Are You a Conversions Ninja? Easy Ways to Increase Your Affiliate Income

Are You a Conversions Ninja? Easy Ways to Increase Your Affiliate Income

how to improve conversionsIf you build it, they will come – right?! Technically, that’s not true of websites (which require constant effort to drive traffic), but even if they do come, will they take the actions you want them to? After all, what’s the use of pouring all your time and energy into building a website if your efforts aren’t leading to conversions?

For the record, “conversions” doesn’t just mean sales. Conversions represent the visitors to your website taking the action you want them to take – whether that’s actually purchasing a product directly from you, clicking through and buying an affiliate product, signing up for your email newsletter or contacting you directly for more information.

(If you don’t yet have a specific type of conversion you’re tracking, I highly recommend that you spend some time thinking about the actions you want your visitors to take when they reach your site. If you aren’t measuring and tracking how many of your visitors are taking this action, how will you know whether or not your conversion rate needs improvement?)

In the case of affiliate marketing, a conversion occurs when a person leaves your site, clicks through to the affiliate product you’re promoting and buys. Sounds easy, right? But what happens if you aren’t making sales? How can you improve your website in order to get these conversions to occur more often?

In this article, we’re going to look at a few different issues that might be preventing you from making sales. To be honest, identifying problems on your site that prevent conversions is kind of like being a detective – so get out your fedoras and magnifying glasses, and lets get started!

Problem: You aren’t getting any traffic to your site. No visitors means no conversions (which = sad days for you).

Possible Cause: No solid traffic plan in place.

Solution: There are hundreds and thousands of different ways to get traffic to your website, including things like blog commenting, guest posting, article marketing and so on. And although working on your traffic strategy can be frustrating and time-consuming (I mean, you just spent *how long* building your site in the first place?!), but I recommend spending roughly 80% of your time building traffic to your website and only 20% fixing up your website until you have a steady stream of traffic coming in.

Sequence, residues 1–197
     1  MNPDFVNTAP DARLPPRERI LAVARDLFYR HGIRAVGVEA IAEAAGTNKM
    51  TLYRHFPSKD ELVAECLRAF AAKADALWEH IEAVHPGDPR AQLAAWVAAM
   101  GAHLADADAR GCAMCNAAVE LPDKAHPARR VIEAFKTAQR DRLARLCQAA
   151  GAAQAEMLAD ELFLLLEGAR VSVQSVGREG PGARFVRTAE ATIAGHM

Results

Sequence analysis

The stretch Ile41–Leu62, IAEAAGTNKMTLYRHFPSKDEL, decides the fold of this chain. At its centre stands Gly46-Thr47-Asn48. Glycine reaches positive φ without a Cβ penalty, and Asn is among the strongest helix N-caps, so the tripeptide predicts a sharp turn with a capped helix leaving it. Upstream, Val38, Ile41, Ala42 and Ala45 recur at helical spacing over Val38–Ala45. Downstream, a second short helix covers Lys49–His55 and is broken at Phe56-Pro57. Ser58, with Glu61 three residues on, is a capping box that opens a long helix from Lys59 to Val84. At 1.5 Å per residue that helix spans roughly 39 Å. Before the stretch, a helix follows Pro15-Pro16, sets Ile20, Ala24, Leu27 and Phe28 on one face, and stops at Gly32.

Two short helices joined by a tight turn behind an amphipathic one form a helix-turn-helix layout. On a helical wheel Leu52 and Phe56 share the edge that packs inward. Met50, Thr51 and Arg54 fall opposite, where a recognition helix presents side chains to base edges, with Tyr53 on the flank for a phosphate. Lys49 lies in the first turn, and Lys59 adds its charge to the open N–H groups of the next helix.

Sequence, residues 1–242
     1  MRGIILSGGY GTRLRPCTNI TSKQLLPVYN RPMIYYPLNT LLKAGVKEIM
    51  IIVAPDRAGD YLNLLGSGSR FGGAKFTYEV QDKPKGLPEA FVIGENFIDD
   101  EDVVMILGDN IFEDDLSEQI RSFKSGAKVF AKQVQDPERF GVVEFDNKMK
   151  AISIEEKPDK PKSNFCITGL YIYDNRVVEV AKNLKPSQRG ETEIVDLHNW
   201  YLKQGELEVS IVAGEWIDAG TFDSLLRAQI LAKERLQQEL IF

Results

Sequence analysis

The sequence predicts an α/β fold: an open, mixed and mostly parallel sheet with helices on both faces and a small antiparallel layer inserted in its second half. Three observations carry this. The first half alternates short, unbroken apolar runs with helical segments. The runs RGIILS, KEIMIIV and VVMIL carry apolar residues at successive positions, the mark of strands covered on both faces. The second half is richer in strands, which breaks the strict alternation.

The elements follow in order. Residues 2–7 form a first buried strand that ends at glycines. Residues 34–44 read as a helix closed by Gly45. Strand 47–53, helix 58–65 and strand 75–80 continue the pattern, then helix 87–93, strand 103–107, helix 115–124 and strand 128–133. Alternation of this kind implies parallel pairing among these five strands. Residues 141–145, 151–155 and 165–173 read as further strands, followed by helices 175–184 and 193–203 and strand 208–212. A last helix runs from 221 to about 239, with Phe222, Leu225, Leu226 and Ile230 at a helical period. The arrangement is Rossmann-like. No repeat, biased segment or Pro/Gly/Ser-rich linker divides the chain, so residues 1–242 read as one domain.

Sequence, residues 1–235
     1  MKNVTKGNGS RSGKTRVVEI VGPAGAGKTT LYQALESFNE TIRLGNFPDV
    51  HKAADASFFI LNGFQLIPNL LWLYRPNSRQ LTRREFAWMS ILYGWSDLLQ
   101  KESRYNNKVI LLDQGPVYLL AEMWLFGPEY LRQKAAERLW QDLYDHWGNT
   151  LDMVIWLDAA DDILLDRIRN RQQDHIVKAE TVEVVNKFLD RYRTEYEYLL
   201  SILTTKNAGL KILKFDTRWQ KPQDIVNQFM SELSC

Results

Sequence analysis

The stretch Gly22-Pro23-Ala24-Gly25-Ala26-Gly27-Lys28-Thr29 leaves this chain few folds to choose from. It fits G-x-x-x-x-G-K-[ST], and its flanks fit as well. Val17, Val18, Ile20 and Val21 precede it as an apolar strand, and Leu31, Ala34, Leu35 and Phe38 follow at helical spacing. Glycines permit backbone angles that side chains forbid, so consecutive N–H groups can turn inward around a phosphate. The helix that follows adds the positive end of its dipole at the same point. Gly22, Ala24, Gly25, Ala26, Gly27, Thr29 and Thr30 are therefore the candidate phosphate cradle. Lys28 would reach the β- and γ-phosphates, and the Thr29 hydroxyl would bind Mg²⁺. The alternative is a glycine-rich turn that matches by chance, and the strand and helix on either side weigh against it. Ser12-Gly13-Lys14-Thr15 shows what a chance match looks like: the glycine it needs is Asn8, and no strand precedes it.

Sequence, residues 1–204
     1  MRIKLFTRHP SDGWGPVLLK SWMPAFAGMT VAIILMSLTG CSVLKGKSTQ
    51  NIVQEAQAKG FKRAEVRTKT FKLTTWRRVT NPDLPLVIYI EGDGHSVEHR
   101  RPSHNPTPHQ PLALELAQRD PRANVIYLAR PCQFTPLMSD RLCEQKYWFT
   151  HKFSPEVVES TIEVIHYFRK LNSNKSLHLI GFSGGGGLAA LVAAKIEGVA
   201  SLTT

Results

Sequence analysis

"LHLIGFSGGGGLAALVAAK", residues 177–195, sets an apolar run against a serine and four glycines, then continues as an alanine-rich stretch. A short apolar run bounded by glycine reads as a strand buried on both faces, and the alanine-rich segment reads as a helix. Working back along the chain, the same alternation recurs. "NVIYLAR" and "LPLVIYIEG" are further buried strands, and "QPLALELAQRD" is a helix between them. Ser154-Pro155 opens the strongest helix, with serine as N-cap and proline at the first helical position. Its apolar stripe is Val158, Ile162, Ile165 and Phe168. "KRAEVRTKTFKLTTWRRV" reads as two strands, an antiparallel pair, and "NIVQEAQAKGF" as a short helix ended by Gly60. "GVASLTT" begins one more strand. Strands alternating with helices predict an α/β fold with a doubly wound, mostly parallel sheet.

Problem: You’re getting people to your site, but no one’s buying. What gives?!

Possible Cause: High bounce rate resulting from absent USP.

Solution: First, you’ll need to take a look at your analytics program (you do have one installed, right?). Personally, I use both Google Analtyics and GetClicky, but either program will tell me my site’s bounce rate – aka, how many people landed on my homepage and then clicked away immediately without engaging in any of my content. If the bounce rate is high and the average time on site is low (like, 30 seconds or less), that means that it isn’t immediately apparent to my visitors how my site can benefit them and what action I want them to take.

If you see these tell-tale metrics in your analytics program, your first step isn’t to drive more traffic – it’s to figure out why visitors don’t seem to be responding well to your content. Is your design not appealing enough? Could your content be more engaging? Can you restructure your site to immediately show your visitors how you can benefit them?

Identify a few possible changes you could make to your website and then start implementing split tests to steadily improve your page’s conversions. Remember – don’t guess about what will work! Conduct proper split tests and make your decisions based on data, not on intuition.

Problem: You’ve got plenty of traffic, but no one’s clicking on your affiliate links.

Possible Cause: You’re promoting the wrong affiliate products.

Solution: No matter how well designed your website is, if you aren’t promoting a product that people actually need or want, you aren’t going to make any sales. Again, if you aren’t a member of your specific niche, it’s best to make decisions about what to promote based on split testing and data, rather than what you *think* your target market wants.

So how do you fix this? Well, you’ve got a couple options…

The first is to rotate in different affiliate products. If you advertise via banners on WordPress, I can’t say enough good things about the free Ad Injector plugin (to install, simply navigate to the “Add New Plugin” section, search for “Ad Injector” and activate it) in terms of the ability to rotate banners automatically in different places on your site. Try a few different affiliate programs and see if one converts better than the other.

You can also experiment with different types of affiliate programs. If you use banners exclusively, mix things up with a product-specific review post or throw a few in-text links onto your site. Just be sure you have a way to track which type of advertisement is performing best compared to the others!

Problem: You’re getting clicks on your affiliate links, but nobody’s buying. Sad face!

Possible Cause: Visitors are having an issue with the merchant’s landing page.

Solution: First of all, a word of caution… You absolutely can not draw conclusions based on 10 clickthroughs. Yes, it’s frustrating to have to wait, but honestly, you need to see zero sales after 100-500 clicks before you can say that there’s really an issue with the merchant’s page.